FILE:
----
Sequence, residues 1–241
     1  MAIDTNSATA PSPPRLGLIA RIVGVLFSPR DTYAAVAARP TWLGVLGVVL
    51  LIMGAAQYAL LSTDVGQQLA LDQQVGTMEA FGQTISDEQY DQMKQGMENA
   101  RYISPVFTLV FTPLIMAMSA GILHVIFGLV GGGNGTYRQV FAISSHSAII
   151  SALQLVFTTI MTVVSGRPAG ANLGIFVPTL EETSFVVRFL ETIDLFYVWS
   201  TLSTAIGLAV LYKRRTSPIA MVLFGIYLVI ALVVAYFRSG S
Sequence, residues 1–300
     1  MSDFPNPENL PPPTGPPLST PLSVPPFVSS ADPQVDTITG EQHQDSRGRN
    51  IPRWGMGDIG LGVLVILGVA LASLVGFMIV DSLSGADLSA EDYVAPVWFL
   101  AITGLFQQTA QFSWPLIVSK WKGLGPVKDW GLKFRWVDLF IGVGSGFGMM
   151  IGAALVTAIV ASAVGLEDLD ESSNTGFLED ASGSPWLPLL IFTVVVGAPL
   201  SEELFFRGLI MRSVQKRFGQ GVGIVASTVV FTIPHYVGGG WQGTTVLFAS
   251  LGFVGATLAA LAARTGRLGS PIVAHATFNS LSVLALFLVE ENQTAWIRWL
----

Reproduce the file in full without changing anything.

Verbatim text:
Sequence, residues 1–241
     1  MAIDTNSATA PSPPRLGLIA RIVGVLFSPR DTYAAVAARP TWLGVLGVVL
    51  LIMGAAQYAL LSTDVGQQLA LDQQVGTMEA FGQTISDEQY DQMKQGMENA
   101  RYISPVFTLV FTPLIMAMSA GILHVIFGLV GGGNGTYRQV FAISSHSAII
   151  SALQLVFTTI MTVVSGRPAG ANLGIFVPTL EETSFVVRFL ETIDLFYVWS
   201  TLSTAIGLAV LYKRRTSPIA MVLFGIYLVI ALVVAYFRSG S
Sequence, residues 1–300
     1  MSDFPNPENL PPPTGPPLST PLSVPPFVSS ADPQVDTITG EQHQDSRGRN
    51  IPRWGMGDIG LGVLVILGVA LASLVGFMIV DSLSGADLSA EDYVAPVWFL
   101  AITGLFQQTA QFSWPLIVSK WKGLGPVKDW GLKFRWVDLF IGVGSGFGMM
   151  IGAALVTAIV ASAVGLEDLD ESSNTGFLED ASGSPWLPLL IFTVVVGAPL
   201  SEELFFRGLI MRSVQKRFGQ GVGIVASTVV FTIPHYVGGG WQGTTVLFAS
   251  LGFVGATLAA LAARTGRLGS PIVAHATFNS LSVLALFLVE ENQTAWIRWL